Terms: Aut | Units: 3
Instructors: Smith, M. (PI)

GERMAN 68N: Franz Kafka: Literature and the Modern Human Condition

This class will address major works by Franz Kafka and consider Kafka as a modernist writer whose work reflects on modernity. We will also examine the role of Kafka's themes and poetics in the work of contemporary writers.
Terms: Win | Units: 3
Instructors: Eshel, A. (PI)

HISTORY 3N: Terrorism

Why do we categorize some acts of violence as terrorism? How do the practitioners of such violence legitimize their actions? What are the effects of terror on culture, society, and politics? This course explores these questions around the globe from the nineteenth century to the present. Topics include the Russian populists, Ku Klux Klan, IRA, al Qaida, state terror, and the representation of terrorism in law, journalism, literature, film, and TV.
Terms: Aut | Units: 4 | UG Reqs: WAY-ED, WAY-SI
Instructors: Crews, R. (PI)

HISTORY 9N: How to Start Your Own Country: Sovereignty and State-Formation in Modern History

What does it mean to start a country, or to acquire and possess sovereignty over a territory? This course will examine the historical evolution of fundamental concepts in our international system: state formation, statehood, and sovereignty. Each week will spotlight a case-study in which sovereignty and statehood have appeared greatly confused and hotly contested. These include: the UK-China lease for control of Hong Kong; the US Naval Station in Guantanamo Bay; the corporate state of the legendary British East India Company; and Disney World.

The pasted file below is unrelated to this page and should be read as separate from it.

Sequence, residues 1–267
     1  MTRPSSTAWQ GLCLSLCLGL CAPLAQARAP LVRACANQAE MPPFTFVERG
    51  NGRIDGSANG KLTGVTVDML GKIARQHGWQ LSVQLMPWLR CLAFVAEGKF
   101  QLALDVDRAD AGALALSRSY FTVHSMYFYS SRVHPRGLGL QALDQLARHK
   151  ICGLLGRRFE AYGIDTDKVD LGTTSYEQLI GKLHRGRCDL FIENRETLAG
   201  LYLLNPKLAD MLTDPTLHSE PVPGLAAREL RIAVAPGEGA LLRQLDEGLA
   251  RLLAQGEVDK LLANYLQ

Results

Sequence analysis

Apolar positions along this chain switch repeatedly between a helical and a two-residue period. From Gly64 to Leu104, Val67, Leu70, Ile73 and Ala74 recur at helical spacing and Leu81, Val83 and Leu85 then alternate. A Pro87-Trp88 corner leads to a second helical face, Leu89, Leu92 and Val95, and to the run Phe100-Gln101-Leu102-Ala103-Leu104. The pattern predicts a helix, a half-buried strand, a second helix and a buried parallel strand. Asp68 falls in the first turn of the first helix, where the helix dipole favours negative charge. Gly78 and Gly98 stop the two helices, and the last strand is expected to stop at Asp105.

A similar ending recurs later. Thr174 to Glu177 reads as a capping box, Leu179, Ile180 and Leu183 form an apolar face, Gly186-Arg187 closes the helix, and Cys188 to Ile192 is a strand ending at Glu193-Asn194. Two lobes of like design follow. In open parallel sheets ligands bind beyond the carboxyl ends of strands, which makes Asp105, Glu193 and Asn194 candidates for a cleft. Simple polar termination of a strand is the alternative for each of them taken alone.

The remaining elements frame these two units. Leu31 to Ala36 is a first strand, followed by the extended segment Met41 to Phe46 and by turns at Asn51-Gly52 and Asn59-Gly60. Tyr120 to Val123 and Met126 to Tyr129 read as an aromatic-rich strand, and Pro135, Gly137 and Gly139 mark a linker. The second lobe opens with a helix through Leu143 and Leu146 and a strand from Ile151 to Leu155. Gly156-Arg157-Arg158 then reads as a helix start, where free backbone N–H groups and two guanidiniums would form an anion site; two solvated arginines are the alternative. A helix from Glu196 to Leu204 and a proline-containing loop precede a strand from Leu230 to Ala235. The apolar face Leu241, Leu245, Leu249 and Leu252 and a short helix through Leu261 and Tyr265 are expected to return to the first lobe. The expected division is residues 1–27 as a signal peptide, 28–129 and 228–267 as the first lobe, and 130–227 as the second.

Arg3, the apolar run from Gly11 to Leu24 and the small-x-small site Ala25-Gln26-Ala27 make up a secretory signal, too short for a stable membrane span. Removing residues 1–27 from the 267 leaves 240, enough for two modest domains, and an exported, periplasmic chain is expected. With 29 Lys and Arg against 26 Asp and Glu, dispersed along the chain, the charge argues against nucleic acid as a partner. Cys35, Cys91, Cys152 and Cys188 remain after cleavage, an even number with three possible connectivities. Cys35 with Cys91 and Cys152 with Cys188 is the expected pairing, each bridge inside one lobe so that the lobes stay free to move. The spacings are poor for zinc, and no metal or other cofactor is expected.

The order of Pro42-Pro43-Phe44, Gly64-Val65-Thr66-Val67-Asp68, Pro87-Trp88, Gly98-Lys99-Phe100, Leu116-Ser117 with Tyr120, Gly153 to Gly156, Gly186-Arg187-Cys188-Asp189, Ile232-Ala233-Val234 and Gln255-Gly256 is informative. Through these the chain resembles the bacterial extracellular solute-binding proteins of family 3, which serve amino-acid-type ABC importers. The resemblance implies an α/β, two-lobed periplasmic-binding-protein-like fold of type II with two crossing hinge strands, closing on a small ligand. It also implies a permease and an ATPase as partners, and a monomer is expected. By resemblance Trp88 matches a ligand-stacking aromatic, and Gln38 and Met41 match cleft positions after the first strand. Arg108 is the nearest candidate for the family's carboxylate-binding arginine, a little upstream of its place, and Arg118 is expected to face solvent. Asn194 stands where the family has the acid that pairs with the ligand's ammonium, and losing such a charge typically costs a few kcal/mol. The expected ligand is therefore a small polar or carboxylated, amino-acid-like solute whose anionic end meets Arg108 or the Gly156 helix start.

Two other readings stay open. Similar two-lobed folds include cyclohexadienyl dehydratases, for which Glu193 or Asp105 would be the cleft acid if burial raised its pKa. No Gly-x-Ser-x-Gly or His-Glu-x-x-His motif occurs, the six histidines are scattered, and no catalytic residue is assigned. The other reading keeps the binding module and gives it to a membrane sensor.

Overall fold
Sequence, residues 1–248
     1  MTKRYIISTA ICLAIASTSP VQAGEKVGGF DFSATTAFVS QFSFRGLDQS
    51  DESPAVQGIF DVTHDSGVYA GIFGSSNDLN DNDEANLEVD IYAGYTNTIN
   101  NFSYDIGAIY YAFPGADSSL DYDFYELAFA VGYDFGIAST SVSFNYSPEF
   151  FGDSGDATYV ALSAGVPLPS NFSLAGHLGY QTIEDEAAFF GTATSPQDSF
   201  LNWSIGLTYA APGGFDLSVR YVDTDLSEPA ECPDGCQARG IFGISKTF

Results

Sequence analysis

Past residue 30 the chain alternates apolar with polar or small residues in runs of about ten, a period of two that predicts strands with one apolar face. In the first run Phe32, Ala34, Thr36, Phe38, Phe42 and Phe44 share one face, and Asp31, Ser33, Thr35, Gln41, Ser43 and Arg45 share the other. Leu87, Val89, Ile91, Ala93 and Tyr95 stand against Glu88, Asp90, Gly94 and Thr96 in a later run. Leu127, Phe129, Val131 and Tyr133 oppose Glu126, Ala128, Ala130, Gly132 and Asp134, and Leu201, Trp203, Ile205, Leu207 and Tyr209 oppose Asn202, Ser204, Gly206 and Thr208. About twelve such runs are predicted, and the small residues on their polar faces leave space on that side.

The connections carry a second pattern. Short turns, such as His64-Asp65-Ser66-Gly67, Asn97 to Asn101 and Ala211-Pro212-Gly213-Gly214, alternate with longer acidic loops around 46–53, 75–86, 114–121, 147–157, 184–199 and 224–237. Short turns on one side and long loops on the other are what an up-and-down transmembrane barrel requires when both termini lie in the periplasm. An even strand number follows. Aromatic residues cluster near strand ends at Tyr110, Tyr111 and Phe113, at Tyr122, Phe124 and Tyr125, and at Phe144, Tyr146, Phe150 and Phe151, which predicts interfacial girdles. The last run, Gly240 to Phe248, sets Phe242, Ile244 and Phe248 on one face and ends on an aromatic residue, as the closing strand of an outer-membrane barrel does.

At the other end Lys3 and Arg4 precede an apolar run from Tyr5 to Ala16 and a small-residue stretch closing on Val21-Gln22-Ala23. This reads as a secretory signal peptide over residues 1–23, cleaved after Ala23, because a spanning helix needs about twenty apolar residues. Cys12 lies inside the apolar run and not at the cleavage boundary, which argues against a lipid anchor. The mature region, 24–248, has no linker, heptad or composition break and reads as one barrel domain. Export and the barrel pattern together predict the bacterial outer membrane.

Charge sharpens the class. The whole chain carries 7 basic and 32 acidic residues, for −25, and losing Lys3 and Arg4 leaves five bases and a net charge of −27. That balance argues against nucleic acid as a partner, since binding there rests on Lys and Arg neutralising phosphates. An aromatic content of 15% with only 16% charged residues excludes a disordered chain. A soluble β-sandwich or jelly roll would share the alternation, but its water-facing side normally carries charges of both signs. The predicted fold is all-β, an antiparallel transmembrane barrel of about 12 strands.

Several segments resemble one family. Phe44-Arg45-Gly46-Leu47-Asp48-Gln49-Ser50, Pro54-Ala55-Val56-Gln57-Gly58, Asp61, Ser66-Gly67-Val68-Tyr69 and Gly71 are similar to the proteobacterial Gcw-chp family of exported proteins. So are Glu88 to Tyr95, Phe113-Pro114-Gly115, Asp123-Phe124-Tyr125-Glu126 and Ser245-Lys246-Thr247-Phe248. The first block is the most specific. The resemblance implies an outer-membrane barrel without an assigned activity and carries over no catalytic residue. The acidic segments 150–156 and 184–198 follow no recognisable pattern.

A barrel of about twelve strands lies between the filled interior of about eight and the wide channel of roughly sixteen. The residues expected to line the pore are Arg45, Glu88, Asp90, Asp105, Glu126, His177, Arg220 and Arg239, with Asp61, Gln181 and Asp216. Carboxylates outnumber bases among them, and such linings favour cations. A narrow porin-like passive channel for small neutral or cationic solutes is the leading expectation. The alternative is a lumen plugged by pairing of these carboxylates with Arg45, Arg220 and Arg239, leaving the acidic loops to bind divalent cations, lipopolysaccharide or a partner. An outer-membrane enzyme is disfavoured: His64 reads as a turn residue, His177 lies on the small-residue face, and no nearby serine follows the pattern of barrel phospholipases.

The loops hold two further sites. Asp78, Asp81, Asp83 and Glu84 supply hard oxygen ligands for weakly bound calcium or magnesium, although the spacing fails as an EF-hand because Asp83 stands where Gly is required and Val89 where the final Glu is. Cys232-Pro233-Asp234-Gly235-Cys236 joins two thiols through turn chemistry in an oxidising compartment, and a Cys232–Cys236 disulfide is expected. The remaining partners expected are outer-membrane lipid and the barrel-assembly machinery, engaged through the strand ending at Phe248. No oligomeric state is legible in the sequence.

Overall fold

Terms: Win | Units: 3 | UG Reqs: WAY-SI
Instructors: Press, S. (PI)

HISTORY 10N: Thinking About War

This course examines classic approaches to war as an intellectual problem, looking at how a matter of such great physical violence and passions can be subjected to understanding and used in philosophy, political theory, and art. Questions to be examined include the definition of war, its causes, its moral value, the nature of its participants, its use in the self-definition of individuals and societies, its relation to political authority, warfare and gender, and the problem of civil war.
Terms: Win | Units: 3 | UG Reqs: WAY-SI
Instructors: Lewis, M. (PI)

HISTORY 12N: Income and wealth inequality from the Stone Age to the present (CLASSICS 12N)

Rising inequality is a defining feature of our time. How long has economic inequality existed, and when, how and why has the gap between haves and have-nots widened or narrowed over the course of history? This seminar takes a very long-term view of these questions. It is designed to help you appreciate dynamics and complexities that are often obscured by partisan controversies and short-term perspectives, and to provide solid historical background for a better understanding of a growing societal concern.
Terms: Aut | Units: 4 | UG Reqs: WAY-SI
Instructors: Scheidel, W. (PI)